I have been following the development of Nim for about 2 years, and I am really excited for such stable bug-fix releases. The upcoming 0.20 release is going to be awesome!
Do you run any “production” workloads on it? I’ve been keeping an eye on it for a while, but so far struggled to justify investing more time on it
I haven’t put a “production” workload on it per-say. But I have a collection of Nim libraries at work that I use to stitch together Matlab exported C and other C++ libraries and have the end result talk to SystemVerilog (a hardware design and verification language), and it works great!!
I don’t think any other language can do this job this easily.
Edit: I just said that I use Nim to “stitch together” all those languages, but in addition, I do quite some additional stuff in Nim, on the data that enters/leaves the SystemVerilog boundary. Nim’s syntax tremendously facilitates data manipulation in a way none of those stitched languages allow.
I rarely see that integration. What is it you do on your job? Deal with numerical accelerators or signal processing on FPGA’s or something?
I do ASIC verification. So before a chip “tapes out” or actually gets fabricated, I simulate the design, and the test bench around the design code is written in SystemVerilog. As most testings go, I have the actual design output, and a reference output that I compare with. Based on the ease and comfort of how certain reference/model data can be generated, that model is written in Matlab, C++, etc. But SystemVerilog doesn’t speak with any of those; those it does have a well enough C interface called DPI-C defined in its standard (latest reference: IEEE 1800-2017). That’s where Nim bridges the gap :)
Oh OK. I remember reading about that. I didn’t know anyone used Matlab for it. The only time I saw Matlab looking into hardware dev was synthesis of accelerators. So, do a lot of people use Matlab for ASIC verification or is it domain specific?
Matlab use in ASIC verification is pretty common; so much so that they even officially support DPI-C exports for SystemVerilog.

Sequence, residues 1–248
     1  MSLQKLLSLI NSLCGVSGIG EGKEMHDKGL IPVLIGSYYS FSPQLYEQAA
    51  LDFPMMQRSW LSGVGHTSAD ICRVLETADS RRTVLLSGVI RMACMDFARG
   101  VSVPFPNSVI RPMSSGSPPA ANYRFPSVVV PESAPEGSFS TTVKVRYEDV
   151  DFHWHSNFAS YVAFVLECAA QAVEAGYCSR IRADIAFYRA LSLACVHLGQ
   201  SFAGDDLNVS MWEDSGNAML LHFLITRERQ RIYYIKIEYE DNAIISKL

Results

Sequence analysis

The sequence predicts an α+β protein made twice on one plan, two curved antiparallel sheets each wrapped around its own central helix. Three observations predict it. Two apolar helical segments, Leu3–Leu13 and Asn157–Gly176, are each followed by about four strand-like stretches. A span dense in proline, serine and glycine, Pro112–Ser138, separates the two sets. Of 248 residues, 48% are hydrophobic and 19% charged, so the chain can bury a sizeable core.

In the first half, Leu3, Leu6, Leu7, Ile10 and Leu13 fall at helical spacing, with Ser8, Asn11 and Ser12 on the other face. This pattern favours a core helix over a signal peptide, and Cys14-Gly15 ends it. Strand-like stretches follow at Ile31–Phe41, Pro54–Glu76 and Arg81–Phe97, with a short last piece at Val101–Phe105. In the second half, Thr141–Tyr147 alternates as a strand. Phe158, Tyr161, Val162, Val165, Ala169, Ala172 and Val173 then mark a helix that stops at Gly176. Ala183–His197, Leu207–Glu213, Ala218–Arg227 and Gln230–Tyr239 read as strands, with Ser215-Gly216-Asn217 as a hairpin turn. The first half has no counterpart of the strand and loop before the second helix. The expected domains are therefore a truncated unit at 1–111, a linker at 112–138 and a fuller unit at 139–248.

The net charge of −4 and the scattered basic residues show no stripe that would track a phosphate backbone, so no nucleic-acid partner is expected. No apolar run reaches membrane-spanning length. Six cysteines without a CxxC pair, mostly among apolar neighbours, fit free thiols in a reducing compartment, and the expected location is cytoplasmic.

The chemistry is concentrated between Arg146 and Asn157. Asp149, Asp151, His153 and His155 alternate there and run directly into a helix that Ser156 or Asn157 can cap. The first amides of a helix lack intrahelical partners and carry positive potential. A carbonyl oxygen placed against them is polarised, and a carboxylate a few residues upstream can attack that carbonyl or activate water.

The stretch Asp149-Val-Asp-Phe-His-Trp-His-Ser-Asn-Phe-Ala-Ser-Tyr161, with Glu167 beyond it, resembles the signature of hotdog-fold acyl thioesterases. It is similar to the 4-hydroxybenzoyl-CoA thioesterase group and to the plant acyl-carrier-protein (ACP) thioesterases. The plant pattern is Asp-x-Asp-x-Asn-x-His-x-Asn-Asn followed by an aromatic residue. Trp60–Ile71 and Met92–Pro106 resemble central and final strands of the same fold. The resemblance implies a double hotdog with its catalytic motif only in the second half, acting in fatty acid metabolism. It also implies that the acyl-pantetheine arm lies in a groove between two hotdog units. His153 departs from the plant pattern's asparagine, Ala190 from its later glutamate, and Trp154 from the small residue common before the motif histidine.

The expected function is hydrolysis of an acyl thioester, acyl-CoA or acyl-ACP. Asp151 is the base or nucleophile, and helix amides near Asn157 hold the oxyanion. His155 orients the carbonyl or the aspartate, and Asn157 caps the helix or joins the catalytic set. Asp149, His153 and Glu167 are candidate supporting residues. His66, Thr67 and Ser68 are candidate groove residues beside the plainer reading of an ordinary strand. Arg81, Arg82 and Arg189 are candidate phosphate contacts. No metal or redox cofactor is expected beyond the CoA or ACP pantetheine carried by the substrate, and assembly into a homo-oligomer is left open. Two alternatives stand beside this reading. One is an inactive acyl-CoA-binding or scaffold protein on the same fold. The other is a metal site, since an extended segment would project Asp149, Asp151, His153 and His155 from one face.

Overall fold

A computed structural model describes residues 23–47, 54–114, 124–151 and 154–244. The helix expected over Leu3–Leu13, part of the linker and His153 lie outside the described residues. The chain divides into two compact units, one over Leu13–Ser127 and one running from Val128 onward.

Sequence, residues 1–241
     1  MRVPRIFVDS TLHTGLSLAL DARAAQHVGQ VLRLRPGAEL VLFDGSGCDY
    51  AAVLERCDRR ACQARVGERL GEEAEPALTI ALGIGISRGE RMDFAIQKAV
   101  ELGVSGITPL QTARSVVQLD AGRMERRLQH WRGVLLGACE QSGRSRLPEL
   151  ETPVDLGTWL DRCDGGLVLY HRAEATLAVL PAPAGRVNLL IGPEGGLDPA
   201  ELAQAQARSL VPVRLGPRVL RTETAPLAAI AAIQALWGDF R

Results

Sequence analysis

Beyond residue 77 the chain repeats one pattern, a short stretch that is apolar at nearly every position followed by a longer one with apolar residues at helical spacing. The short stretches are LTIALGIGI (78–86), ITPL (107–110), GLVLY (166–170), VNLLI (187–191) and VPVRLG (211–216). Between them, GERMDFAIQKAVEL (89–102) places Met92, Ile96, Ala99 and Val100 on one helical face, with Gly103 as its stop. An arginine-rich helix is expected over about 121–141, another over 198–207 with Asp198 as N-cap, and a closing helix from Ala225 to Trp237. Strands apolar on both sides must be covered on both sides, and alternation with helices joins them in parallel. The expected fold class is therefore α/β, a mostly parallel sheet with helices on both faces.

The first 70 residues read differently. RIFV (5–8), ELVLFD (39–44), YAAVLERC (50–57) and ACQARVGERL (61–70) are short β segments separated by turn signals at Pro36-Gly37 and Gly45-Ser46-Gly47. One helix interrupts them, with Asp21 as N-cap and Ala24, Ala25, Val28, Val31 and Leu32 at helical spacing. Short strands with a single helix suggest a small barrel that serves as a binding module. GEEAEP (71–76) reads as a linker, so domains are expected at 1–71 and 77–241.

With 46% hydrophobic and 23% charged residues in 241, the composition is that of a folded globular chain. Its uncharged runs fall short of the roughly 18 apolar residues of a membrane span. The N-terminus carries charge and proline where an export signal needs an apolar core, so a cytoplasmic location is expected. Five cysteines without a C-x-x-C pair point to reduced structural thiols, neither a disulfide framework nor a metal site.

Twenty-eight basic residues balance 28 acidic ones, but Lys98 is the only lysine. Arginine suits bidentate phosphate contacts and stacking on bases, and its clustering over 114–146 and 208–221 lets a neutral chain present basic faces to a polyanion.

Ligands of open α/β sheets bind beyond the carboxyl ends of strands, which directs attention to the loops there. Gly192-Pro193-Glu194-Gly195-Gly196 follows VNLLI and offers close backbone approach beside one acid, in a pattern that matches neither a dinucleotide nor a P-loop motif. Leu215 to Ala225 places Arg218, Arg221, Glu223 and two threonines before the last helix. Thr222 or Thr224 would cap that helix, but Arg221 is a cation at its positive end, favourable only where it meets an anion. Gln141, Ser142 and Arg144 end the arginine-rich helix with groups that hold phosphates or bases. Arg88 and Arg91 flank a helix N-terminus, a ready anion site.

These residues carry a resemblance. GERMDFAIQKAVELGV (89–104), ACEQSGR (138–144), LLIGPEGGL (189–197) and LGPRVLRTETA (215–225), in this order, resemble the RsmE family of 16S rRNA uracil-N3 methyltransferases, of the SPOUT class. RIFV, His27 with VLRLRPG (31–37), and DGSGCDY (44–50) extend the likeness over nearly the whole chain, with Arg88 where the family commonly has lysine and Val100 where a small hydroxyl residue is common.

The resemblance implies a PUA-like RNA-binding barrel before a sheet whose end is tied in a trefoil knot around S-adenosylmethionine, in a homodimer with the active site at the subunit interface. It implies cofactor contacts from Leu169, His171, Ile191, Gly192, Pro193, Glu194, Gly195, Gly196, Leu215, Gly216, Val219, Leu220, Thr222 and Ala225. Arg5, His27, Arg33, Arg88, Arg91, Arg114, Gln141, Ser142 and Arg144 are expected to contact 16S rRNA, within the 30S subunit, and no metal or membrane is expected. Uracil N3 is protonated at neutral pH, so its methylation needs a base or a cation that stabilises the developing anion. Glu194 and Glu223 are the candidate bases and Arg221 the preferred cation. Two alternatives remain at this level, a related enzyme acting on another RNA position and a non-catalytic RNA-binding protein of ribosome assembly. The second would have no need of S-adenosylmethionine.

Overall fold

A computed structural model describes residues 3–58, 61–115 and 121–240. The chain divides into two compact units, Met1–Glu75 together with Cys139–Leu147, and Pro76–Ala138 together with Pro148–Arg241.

I like Nim. For me a big part of my opinion is the onboarding process for new
users. With Nim its dead simple. You download a zip:
only 18 MB! Extract, create a file:
echo "hello world"
nim compile hello.nim
and thats it. People like to tout Rust, but Rust cant do this:
I have deployed a stripped down version (only nim and nimble binaries, and the stdlib) of the static binary distribution for GNU Linux x64 for my team, and I believe it’s < 8MB.
This is really interesting.
andy@xps ~/d/n/nim-0.19.6> ls bin/
7z.dll libpng12.dll nimgrep.exe png.dll
7zG.exe libpng3.dll nimsuggest.exe SDL2.dll
7-zip.dll libssl-1_1.dll pcre32.dll SDL2_ttf.dll
c2nim.exe libssl-1_1-x64.dll pcre3.dll sqlite3_32.dll
libcrypto-1_1.dll libui.dll pcre64.dll sqlite3_64.dll
libcrypto-1_1-x64.dll makelink.exe pcre.dll ssleay32.dll
libcurl.dll nimble.exe pdcurses32.dll ssleay64.dll
libeay32.dll nim.exe pdcurses64.dll vccexe.exe
libeay64.dll nimgrab.exe pdcurses.dll zlib1.dll
In particular I see vccexe.exe and makelink.exe which I am guessing are microsoft visual studio’s C++ compiler and linker?
From the nim screen casts, the lead dev Araq uses windows as his daily machine, which is a stark contrast to nearly every other language. It makes some sense he makes it work really well.
This might also be the reason why Nim is really bad at dealing with symlinks.
You should open an issue for whatever symlink issue you are seeing: https://github.com/nim-lang/Nim/issues.
While Araq uses Windows, there are a lot of stakeholders and other devs on GNU Linux or MacOS type systems (even RPi, etc.)
The dev team is very responsive in replying to/fixing the bug reports.
I see .. that indeed is bad.
looks like it was closed without a reason - why didnt you follow up?